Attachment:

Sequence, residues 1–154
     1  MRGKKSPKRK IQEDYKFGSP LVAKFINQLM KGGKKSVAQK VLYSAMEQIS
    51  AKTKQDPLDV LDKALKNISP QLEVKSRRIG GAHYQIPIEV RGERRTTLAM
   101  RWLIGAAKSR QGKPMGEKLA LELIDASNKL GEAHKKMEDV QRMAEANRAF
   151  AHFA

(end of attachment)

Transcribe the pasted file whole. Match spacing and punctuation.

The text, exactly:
Sequence, residues 1–154
     1  MRGKKSPKRK IQEDYKFGSP LVAKFINQLM KGGKKSVAQK VLYSAMEQIS
    51  AKTKQDPLDV LDKALKNISP QLEVKSRRIG GAHYQIPIEV RGERRTTLAM
   101  RWLIGAAKSR QGKPMGEKLA LELIDASNKL GEAHKKMEDV QRMAEANRAF
   151  AHFA